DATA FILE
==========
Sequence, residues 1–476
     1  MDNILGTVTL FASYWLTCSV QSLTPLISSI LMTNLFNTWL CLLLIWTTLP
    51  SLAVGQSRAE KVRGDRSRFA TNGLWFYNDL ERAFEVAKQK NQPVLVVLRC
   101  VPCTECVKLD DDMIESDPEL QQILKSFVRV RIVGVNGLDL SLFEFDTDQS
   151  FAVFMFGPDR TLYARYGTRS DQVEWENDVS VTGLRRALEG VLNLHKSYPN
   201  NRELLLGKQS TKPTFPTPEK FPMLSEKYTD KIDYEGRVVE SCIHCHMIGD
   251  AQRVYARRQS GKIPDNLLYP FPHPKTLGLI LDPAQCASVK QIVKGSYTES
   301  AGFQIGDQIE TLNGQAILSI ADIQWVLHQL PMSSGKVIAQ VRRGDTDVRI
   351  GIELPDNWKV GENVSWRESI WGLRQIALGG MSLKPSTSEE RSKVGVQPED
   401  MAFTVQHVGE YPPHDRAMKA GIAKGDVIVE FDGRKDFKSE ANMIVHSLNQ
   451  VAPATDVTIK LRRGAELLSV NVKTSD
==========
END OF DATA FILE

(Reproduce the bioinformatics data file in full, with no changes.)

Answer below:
Sequence, residues 1–476
     1  MDNILGTVTL FASYWLTCSV QSLTPLISSI LMTNLFNTWL CLLLIWTTLP
    51  SLAVGQSRAE KVRGDRSRFA TNGLWFYNDL ERAFEVAKQK NQPVLVVLRC
   101  VPCTECVKLD DDMIESDPEL QQILKSFVRV RIVGVNGLDL SLFEFDTDQS
   151  FAVFMFGPDR TLYARYGTRS DQVEWENDVS VTGLRRALEG VLNLHKSYPN
   201  NRELLLGKQS TKPTFPTPEK FPMLSEKYTD KIDYEGRVVE SCIHCHMIGD
   251  AQRVYARRQS GKIPDNLLYP FPHPKTLGLI LDPAQCASVK QIVKGSYTES
   301  AGFQIGDQIE TLNGQAILSI ADIQWVLHQL PMSSGKVIAQ VRRGDTDVRI
   351  GIELPDNWKV GENVSWRESI WGLRQIALGG MSLKPSTSEE RSKVGVQPED
   401  MAFTVQHVGE YPPHDRAMKA GIAKGDVIVE FDGRKDFKSE ANMIVHSLNQ
   451  VAPATDVTIK LRRGAELLSV NVKTSD